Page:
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"Blue Exorcist" Vol. 3: Devil Feud Cake

Blue Exorcist is definitely not the kind of series you want to launch into the middle of. Whether it’s the kind of series you want to launch into at all is a different question, and you’d best consult Nick Hobbs for an answer to that one. But it’s up to me to say something about Volume 3 of the series.

ImageBlue Exorcist centers on some students at a demon-fighting academy in Japan. The lead character, Rin Okumura, is the typical kind of hero for this kind of story: hot-headed, rather boastful, and not fully in control of his powers. Nor is it a surprise that he has a secret: He is, literally, the son of Satan, but has apparently sworn to use his evil-derived powers for good. This still leaves him athwart his erstwhile schoolmates, who up to this point have been in the dark about his lineage. Things comes to a head in the present set of episodes, though, when he finally has to reveal himself.

Volume 3 at least doesn’t open totally in medias res, which means that newbies won’t be pitched directly into a maelstrom. The DVD opens with Rin and his classmates being sent onto a training mission in the woods, and it builds slowly enough that newcomers will get to acquaint themselves (and returning viewers can reacquaint themselves) with the rest of the cast: the gruff and authoritarian Ryuji “Bon” Suguro; the shy Konekomaru Miwa; the insect-terrified Renzo Shima; the cheerful Shiemi Moriyama; and the withdrawn and unfriendly Izumo Kamiki. Their job on this exercise is to light, retrieve, and protect some enormous stone lanterns, which turn out to be amusingly booby-trapped. Matters become more serious when a powerful demon, Amaimon, intervenes and tries to kill Rin. This causes our hero to burst into bright blue flames, which attracts the attention of even more powerful adversaries, and Rin, his secrets now laid bare, gets hauled before the Vatican council that’s in charge of exorcists.

The upshot is that he’s put on a kind of probation and has to return to the school under close supervision. Matters stand ill with his friends, especially the ever-fearful Konekomaru, who under the influence of another demon tries to kill Rin. But matters end happily, and the set closes with a quasi-comic episode in which Shiemi talks her friends into throwing a surprise birthday party for Izumo, with predictably anarchic results. Meanwhile, the foundations for new plot arcs are being laid: The school authorities discover that their protection spells have been penetrated by a portal that leads to the ruins of a research lab, and Rin’s twin brother, who hasn’t inherited the same kind of powers, seems to be becoming obsessed (whether from fear or desire may not even be clear to him) with testing himself to see if similar powers will begin to manifest in himself.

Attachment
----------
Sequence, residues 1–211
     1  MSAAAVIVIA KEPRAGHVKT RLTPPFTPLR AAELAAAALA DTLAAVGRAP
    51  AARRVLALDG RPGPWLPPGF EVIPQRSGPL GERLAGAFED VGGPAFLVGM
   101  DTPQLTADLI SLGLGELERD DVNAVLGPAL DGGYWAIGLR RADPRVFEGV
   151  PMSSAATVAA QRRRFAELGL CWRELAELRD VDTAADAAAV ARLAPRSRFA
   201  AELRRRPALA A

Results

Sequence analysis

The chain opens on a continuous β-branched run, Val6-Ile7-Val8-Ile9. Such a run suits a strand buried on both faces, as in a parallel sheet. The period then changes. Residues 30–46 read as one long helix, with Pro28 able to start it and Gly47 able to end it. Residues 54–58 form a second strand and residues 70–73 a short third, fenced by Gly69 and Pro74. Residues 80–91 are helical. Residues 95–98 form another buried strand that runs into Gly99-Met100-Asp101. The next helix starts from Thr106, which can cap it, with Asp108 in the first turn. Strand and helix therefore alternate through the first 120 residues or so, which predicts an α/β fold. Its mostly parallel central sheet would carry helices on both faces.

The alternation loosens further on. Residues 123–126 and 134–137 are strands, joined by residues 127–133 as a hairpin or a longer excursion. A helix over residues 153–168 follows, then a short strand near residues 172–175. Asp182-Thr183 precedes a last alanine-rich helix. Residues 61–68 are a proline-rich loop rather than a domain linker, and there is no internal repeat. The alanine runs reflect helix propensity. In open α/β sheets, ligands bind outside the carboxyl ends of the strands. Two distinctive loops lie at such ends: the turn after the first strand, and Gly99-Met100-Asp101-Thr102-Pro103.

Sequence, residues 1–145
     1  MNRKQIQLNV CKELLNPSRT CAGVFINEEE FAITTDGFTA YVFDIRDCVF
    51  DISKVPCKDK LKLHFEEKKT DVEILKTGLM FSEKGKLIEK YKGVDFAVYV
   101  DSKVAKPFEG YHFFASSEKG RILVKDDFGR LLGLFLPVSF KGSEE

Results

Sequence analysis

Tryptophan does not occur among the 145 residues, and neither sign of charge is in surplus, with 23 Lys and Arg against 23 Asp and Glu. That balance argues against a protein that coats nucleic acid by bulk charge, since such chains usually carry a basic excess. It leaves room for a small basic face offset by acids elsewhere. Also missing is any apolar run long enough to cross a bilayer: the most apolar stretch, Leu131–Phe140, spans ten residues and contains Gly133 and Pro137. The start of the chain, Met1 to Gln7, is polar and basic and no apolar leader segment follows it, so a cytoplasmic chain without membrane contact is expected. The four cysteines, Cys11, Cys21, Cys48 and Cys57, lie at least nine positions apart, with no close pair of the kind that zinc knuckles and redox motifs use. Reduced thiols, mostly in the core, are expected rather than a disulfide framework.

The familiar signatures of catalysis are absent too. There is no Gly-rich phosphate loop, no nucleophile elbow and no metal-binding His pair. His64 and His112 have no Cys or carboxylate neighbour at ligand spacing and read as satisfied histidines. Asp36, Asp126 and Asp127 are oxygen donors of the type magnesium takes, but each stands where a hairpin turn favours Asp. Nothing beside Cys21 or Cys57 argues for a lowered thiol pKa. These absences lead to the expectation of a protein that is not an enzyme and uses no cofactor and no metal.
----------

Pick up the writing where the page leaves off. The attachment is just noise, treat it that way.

ImageI haven’t seen any other episodes of this series, so I can’t say whether this batch is better or worse than what has come before, but nothing about it strikes me as being terribly out of the ordinary. The stories creep toward their various overlapping denouement at a stately but not excessively slow pace, taking time for the requisite battles and character scenes. What buoyancy it has comes courtesy of its character dynamics, though these also generally fail to surprise. The first episode on this set is enough to give you 95% of what each character is about, and most of the scenes that follow just reiterate what it’s already told us: Rin is undisciplined; Bon is a bad-ass; Konekomaru is insecure; Shiemi and Renzo are popular; Izumo is Wednesday Addams’s Nipponese equivalent. Dialogue fills out the running time without adding much interest.

The set also comes with a one-minute short.

Viewers already attached to the series may or may not be further drawn in by its additions and complications, its intimations of hidden agendas and implications of mysteries yet unrevealed. It’s easy enough to respect its professional construction: even when an episode doesn’t end on a cliffhanger, it will resolve with a rumbling dissonance and the promise of mayhem to come. But one may still wish that it modulated a bit more.

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